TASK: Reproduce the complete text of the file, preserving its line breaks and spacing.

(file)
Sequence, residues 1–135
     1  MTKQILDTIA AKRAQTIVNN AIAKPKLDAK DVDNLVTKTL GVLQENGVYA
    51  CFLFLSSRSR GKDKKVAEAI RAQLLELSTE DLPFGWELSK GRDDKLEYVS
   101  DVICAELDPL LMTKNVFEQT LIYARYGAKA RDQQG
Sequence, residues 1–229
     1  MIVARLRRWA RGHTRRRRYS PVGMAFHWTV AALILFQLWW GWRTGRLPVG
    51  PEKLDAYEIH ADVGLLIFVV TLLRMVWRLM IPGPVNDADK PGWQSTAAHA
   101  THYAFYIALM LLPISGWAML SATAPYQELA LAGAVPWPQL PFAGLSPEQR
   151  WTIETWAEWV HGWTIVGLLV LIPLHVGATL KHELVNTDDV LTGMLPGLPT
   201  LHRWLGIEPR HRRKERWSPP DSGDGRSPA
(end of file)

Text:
Sequence, residues 1–135
     1  MTKQILDTIA AKRAQTIVNN AIAKPKLDAK DVDNLVTKTL GVLQENGVYA
    51  CFLFLSSRSR GKDKKVAEAI RAQLLELSTE DLPFGWELSK GRDDKLEYVS
   101  DVICAELDPL LMTKNVFEQT LIYARYGAKA RDQQG
Sequence, residues 1–229
     1  MIVARLRRWA RGHTRRRRYS PVGMAFHWTV AALILFQLWW GWRTGRLPVG
    51  PEKLDAYEIH ADVGLLIFVV TLLRMVWRLM IPGPVNDADK PGWQSTAAHA
   101  THYAFYIALM LLPISGWAML SATAPYQELA LAGAVPWPQL PFAGLSPEQR
   151  WTIETWAEWV HGWTIVGLLV LIPLHVGATL KHELVNTDDV LTGMLPGLPT
   201  LHRWLGIEPR HRRKERWSPP DSGDGRSPA